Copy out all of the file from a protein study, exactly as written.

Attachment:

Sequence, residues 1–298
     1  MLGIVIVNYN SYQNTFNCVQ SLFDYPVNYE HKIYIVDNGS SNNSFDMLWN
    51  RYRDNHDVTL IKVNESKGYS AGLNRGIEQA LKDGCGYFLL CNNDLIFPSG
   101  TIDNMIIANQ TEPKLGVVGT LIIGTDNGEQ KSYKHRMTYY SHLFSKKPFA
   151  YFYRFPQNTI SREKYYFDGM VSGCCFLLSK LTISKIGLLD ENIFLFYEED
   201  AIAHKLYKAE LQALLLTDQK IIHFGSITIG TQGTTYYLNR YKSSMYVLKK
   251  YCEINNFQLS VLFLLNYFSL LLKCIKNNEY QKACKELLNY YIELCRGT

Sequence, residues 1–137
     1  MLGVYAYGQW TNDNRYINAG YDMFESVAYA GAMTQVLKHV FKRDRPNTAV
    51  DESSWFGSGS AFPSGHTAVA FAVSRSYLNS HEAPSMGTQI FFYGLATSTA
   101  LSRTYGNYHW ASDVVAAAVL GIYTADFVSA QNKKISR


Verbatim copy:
Sequence, residues 1–298
     1  MLGIVIVNYN SYQNTFNCVQ SLFDYPVNYE HKIYIVDNGS SNNSFDMLWN
    51  RYRDNHDVTL IKVNESKGYS AGLNRGIEQA LKDGCGYFLL CNNDLIFPSG
   101  TIDNMIIANQ TEPKLGVVGT LIIGTDNGEQ KSYKHRMTYY SHLFSKKPFA
   151  YFYRFPQNTI SREKYYFDGM VSGCCFLLSK LTISKIGLLD ENIFLFYEED
   201  AIAHKLYKAE LQALLLTDQK IIHFGSITIG TQGTTYYLNR YKSSMYVLKK
   251  YCEINNFQLS VLFLLNYFSL LLKCIKNNEY QKACKELLNY YIELCRGT

Sequence, residues 1–137
     1  MLGVYAYGQW TNDNRYINAG YDMFESVAYA GAMTQVLKHV FKRDRPNTAV
    51  DESSWFGSGS AFPSGHTAVA FAVSRSYLNS HEAPSMGTQI FFYGLATSTA
   101  LSRTYGNYHW ASDVVAAAVL GIYTADFVSA QNKKISR